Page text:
241). Their main worry, therefore, is not the assertion of their identity in
the teacher-learner relationship. What they are really concerned about is the
fact that they cannot attain writing power and cannot become members of
the academic discourse community before they have mastered the rudiments
1 As should be clear from the preceding paragraphs, we are fully aware that rules are not
the only thing students need. The most important thing is an understanding of the linguistic
regularities underlying rules.

Preface

of their second language, any more than in traditional societies an apprentice


was able to wield influence within his guild before becoming a master craftsman.
Part of any induction into a community (in our case, the community of academic writers in English) involves learning the ropes and discovering what
is allowed and what is disallowed. Accordingly, we accord attention to the
major subgenres between which many students in todays modular education have to shuttle and discuss the important matter of plagiarism. In response to the complaint, echoed in Lea and Street (2000), that teachers have
tended to abuse their position of power to impose inconsistent and idiosyncratic requirements, we will provide teachers with a set of accepted practices
which they and their students can rely on (at the risk of casting ourselves as
authority figures!).
Having ourselves published articles and books in languages other than our
own, we are painfully aware of the formidable difficulties associated with
writing in a foreign tongue. The non-native writer needs to invest extra time
and effort in what is already a lengthy research and publication process. This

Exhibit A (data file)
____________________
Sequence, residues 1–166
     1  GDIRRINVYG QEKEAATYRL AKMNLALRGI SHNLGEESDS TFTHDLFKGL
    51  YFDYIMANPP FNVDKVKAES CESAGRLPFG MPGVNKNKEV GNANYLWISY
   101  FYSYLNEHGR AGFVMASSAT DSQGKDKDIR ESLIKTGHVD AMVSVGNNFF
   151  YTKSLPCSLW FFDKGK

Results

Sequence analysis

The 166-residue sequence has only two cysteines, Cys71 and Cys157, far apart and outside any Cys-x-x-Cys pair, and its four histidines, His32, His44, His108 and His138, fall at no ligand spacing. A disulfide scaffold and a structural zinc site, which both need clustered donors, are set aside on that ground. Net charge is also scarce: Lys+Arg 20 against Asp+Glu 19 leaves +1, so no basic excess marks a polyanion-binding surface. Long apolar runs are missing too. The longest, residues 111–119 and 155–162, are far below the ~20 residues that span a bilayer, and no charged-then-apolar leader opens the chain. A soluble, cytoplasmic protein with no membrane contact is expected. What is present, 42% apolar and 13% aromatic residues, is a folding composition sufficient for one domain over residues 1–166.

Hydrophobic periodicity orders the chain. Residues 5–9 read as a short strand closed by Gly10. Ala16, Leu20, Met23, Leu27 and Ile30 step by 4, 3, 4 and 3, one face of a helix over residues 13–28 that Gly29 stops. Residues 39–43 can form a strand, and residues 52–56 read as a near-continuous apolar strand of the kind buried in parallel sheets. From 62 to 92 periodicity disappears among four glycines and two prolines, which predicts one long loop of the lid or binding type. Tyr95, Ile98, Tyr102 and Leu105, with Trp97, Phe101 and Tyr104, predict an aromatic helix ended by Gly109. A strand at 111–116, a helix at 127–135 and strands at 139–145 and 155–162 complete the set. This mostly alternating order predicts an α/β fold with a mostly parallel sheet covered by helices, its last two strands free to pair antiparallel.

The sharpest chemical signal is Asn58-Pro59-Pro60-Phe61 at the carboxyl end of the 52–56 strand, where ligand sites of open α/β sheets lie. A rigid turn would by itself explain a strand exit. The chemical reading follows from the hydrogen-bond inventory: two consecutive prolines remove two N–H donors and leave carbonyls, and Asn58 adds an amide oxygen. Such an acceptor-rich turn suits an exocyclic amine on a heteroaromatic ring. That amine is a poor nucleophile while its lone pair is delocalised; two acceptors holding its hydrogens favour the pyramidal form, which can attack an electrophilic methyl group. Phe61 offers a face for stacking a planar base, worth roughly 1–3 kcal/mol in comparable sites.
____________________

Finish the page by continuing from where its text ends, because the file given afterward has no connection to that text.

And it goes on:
has led German and other non-English academics to suggest that texts written for a majority of non-English readers by a majority of non-English authors do not need to be fully idiomatic (Dressler 1977: 4; cf. also Carli and
Ammon 2008).
We do not find this line of argument particularly convincing. Since everything is idiomatic in language (Hausmann 1997; this informs our Module
III), we have to write idiomatically if we want to be understood. We communicate by means of form-meaning pairs such as words (pen), phrases (make
a claim, blind spot, spill the beans) and larger chunks of text whose usage has
been arbitrarily established in prior communication. Thus, the word combination make a claim could theoretically mean invent a claim, but there
is a convention which assigns it the meaning utter an assertion. There is,
of course, nothing that prevents foreign-born writers from using make a
claim creatively to mean invent a claim; the snag is that their (unidiomatic)
use of the word combination is certain to be misinterpreted by both native
and non-native speakers of English. At worst, such a strategy results in texts
that are literal translations from the language of the author concerned, and
the reader most competent to unravel the meaning is the one who can first
translate them back into that language (Snell-Hornby 1982: 84).
There is thus a very weak case for norm infringements. Once you start
turning a blind eye to them, it is difficult to say where to draw the line. But
there is also a pedagogic reason for our uncompromising stance on conform-

Preface

ity to the norms applied by native users. This is the age-old insight that the
lower you set your sights, the less you will ultimately achieve; if we abandon
the aim of attaining (near-)nativeness and full idiomaticity, competence levels will continue to slide downwards. Throughout this book we have therefore done our utmost to help our readers to express themselves in clear and
idiomatic English.
It is this concern with idiomaticity which also fuels our understanding of
what a good English text is. We do not view Anglo-American style as being